NLRB Issues New Rule On Joint Employers
October 26, 2023
The National Labor Relations Board (Board) issued its new standard today for determining whether two or more separate companies are a “joint employer” of employees under the National Labor Relations Act. As we discussed last year, the Democratic majority of the Board has been working to rescind and replace the joint-employer test that took effect in 2020 during the Trump administration. The new rule will be applied to cases filed after December 26, 2023.
The joint-employer standard is important to nearly all employers who use other companies, vendors, or contractors to assist them with their employees or business or who are in relationship with other companies. For example, the joint-employer standard asks whether a parent and a subsidiary company are truly separate employers or whether they should be considered one employer for purposes of collective bargaining. The joint-employer standard seeks to determine whether a staffing company that provides employees is a joint employer with its customer client, or whether a franchisee’s employees are also employees of the franchisor. If a company is found to be a joint employer with another company, both companies will be required to bargain with a union elected by the employees and both will be liable for each other’s unfair labor practices.
Under the Board’s new test, a company will be considered a joint employer of another’s employees if the two companies “share or codetermine” one or more of the following essential terms and conditions of employment: 1) wages, benefits, and other compensation; (2) hours of work and scheduling; (3) the assignment of duties to be performed; (4) the supervision of the performance of duties; (5) work rules and directions governing the manner, means, and methods of the performance of duties and the grounds for discipline; (6) the tenure of employment, including hiring and discharge; and (7) working conditions related to the safety and health of employees. The “good” news is that these are the only terms and conditions the Board will consider (although they will likely be applied as broadly as possible).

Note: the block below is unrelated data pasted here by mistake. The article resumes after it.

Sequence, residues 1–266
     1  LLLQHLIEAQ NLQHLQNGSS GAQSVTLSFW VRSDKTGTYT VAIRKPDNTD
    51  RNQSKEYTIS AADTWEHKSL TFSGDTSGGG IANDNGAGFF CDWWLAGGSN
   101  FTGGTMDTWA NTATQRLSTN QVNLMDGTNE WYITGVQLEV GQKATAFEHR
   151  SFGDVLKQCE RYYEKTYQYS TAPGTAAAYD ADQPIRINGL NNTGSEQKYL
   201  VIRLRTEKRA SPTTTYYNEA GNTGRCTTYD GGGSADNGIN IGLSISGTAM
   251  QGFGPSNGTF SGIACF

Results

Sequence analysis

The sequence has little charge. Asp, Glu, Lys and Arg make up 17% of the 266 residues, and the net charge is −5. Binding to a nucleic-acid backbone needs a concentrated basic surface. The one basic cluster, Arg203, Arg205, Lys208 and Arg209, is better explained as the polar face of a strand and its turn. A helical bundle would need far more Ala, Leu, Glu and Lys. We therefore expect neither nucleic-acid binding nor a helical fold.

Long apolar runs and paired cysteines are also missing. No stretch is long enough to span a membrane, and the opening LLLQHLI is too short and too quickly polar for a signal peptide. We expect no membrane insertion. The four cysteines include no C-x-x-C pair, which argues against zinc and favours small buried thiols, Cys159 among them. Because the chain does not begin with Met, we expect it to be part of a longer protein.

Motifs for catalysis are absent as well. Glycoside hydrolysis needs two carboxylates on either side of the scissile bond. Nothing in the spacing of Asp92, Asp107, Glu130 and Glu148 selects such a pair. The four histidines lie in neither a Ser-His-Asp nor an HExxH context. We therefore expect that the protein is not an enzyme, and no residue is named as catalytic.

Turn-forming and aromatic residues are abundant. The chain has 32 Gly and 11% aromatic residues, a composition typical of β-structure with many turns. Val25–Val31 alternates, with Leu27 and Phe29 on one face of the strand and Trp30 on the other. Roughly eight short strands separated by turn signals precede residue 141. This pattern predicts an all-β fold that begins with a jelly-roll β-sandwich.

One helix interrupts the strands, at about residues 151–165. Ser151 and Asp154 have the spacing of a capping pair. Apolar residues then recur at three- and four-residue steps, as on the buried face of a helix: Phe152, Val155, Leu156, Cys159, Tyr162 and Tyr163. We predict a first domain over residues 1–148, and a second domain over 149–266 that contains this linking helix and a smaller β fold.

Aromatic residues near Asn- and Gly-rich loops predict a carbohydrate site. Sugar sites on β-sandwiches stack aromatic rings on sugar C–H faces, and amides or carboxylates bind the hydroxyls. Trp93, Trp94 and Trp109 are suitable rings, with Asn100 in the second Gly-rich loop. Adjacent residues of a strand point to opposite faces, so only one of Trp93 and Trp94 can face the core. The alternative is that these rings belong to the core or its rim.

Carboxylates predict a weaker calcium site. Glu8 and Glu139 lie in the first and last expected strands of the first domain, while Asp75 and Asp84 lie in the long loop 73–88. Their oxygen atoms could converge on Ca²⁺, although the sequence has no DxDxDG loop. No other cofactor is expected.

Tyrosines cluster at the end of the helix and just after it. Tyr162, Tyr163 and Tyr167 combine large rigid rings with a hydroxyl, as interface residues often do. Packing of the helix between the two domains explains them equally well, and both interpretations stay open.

The most problematic part of this new test is that the Board will find a joint-employer relationship without regard to whether the company in question actually exercises control over the terms and conditions of employment of another company’s employees; instead, the Board will give determinative weight to the company’s authority to control those terms and conditions of employment whether or not the company ever actually exercises such control. Thus, evidence of reserved, unexercised or indirectly exercised control over the terms and conditions set forth above will be enough to result in a joint-employer finding.
Between now and December 26, when the new test becomes effective, employers should carefully consider their contracts and relationships with other companies to determine what changes can and should be made to avoid the risk of a joint-employer finding by the NLRB. If you would like assistance with evaluating your business relationships for potential joint-employer liability, please contact a KZA attorney.
KZA Employer Report articles are for general information only; they are not intended and should not be construed to be legal advice. Reading or replying to such articles does not establish an attorney-client relationship. In addition, because the subject matters and applicable laws discussed in Employer Report articles are often in a state of change and not always applicable to every type of business entity or organization, readers should consult with counsel before making decisions based on the same.